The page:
Ensuring Your Business is on Cloud Nine With Archiving

Aug 03 2023

Published on TVNewscheck here

By Sam Peterson

Source: tvtechnology.com

Cloud archiving is not necessarily a new concept, but its capabilities and benefits are still not fully recognized

At the beginning of this year, I shared insight into why broadcasters continue moving storage to the cloud. Since my last article, the rate of adoption has only increased, which has emphasized how vital the cloud has become to broadcasters – and the media industry as a whole. This trend is supported by research from Gartner, which forecasts that spending on public cloud services worldwide will grow by 20.7% to $591.8 billion by the end of 2023, up from $490.3 billion in 2022.

This evolution of the cloud comes at a critical time for the industry. With the growth of audiences and multiple platforms at their disposal, broadcasters face an almost-constant challenge of delivering high-quality and engaging content 24/7. However, delivering this much content is expensive and it is time-consuming to create. But, with every problem, there is a solution, and in this case, it comes in the form of cloud archiving.

What is Cloud Archiving?

Cloud archiving is not necessarily a new concept, but its capabilities and benefits are still not fully recognized. To put it simply, a cloud archive is a storage solution that keeps data secure and accessible at any time and from any location. A cloud archive makes it easier to manage large amounts of information, and it also allows vast content libraries while also being more cost-effective to maintain.

Cloud-based archiving is revolutionizing broadcasters’ approach to content creation because it allows them to leverage their content libraries in much more effective ways. By taking such an approach, broadcasters are in a better position to increase audience loyalty and reduce content spending simultaneously. Such flexibility is key in today’s marketplace, as the cloud has become the hub for using all that content to keep viewers watching long after the credits have rolled on the program they tuned in to watch.

Benefits of Utilizing the Cloud

I have already touched upon the benefits of the cloud to create more content, but that is not all. The cloud is helping organizations streamline their operations and grow their bottom line. Here are some examples:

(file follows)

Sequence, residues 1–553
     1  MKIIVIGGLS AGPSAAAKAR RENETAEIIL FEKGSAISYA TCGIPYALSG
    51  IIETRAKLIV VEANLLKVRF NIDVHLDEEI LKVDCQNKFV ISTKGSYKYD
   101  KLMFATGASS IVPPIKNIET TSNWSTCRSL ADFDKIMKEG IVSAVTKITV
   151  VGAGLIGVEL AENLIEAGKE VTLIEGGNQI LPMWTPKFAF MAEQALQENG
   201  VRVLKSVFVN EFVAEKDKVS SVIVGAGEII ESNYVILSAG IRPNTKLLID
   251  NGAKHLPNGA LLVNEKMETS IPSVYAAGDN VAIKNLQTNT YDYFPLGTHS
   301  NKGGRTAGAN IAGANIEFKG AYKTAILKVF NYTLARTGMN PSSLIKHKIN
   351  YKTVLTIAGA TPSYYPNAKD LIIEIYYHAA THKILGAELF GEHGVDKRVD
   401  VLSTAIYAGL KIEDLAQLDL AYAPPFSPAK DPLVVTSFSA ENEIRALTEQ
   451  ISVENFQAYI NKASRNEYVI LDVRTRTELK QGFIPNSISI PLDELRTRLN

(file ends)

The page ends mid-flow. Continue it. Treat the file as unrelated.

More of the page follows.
As we are all too aware, budgets are tighter than ever, partly due to increased content production costs, so broadcasters need to find ways to make the most of their content libraries, all while ensuring they meet the evolving needs of their audiences. The cloud holds the key. It is cost-efficient and easy to use, so businesses can save money by reducing expenditure and operating costs.

The cost-efficiency benefits may seem obvious, but little understanding remains of cloud archiving having a positive impact on content strategies. With access to greater cloud storage, broadcasters can re-use library content that is a good fit for today’s market and share it quickly, empowering content owners to stay ahead of their competitors and nurture audience loyalty.

A further benefit of cloud storage is its flexibility – and reliability – for disaster recovery (DR). DR has been a major talking point for years, and with the vast amount of content and data at stake, the consequences of not having the right tools in place can be severe. Ensuring you have a robust DR strategy should be an integral part of any business plan. The cloud gives that scalable safety net broadcasters need, reassuring them their content will be protected.

Metadata’s Crucial Role

As broadcasters look to leverage their content libraries, the management of metadata has also become a critical part of their content archiving strategy. Metadata allows organizations to understand their customers’ viewing habits better. Armed with this information, broadcasters are available to implement strategies that can retain and attract new viewers, in turn generating new revenue streams.

The uses of metadata range from simple but valuable additions, such as text transcripts created from audio content, to advanced applications. The cloud’s metadata capabilities deliver a long-term ROI to keep content up-to-date and future-proof video libraries.

In addition, since the cloud makes content more accessible than on-prem storage, content owners can use metadata to keep archive videos optimized to align with their changing strategies. These advantages are no longer the exclusive domain of the major players. Smaller broadcasters can also unleash their potential and become more competitive in the industry due to the lower costs and availability of cloud-based workflows.


These cloud capabilities support the continual growth of audiences and platforms, and the content necessary to maintain them. The challenge of delivering high-quality and engaging content is seemingly unrelenting, but with innovation continuing I believe the industry is in good shape to prosper.

Read the full article on www.tvtechnology.com/Bitcentral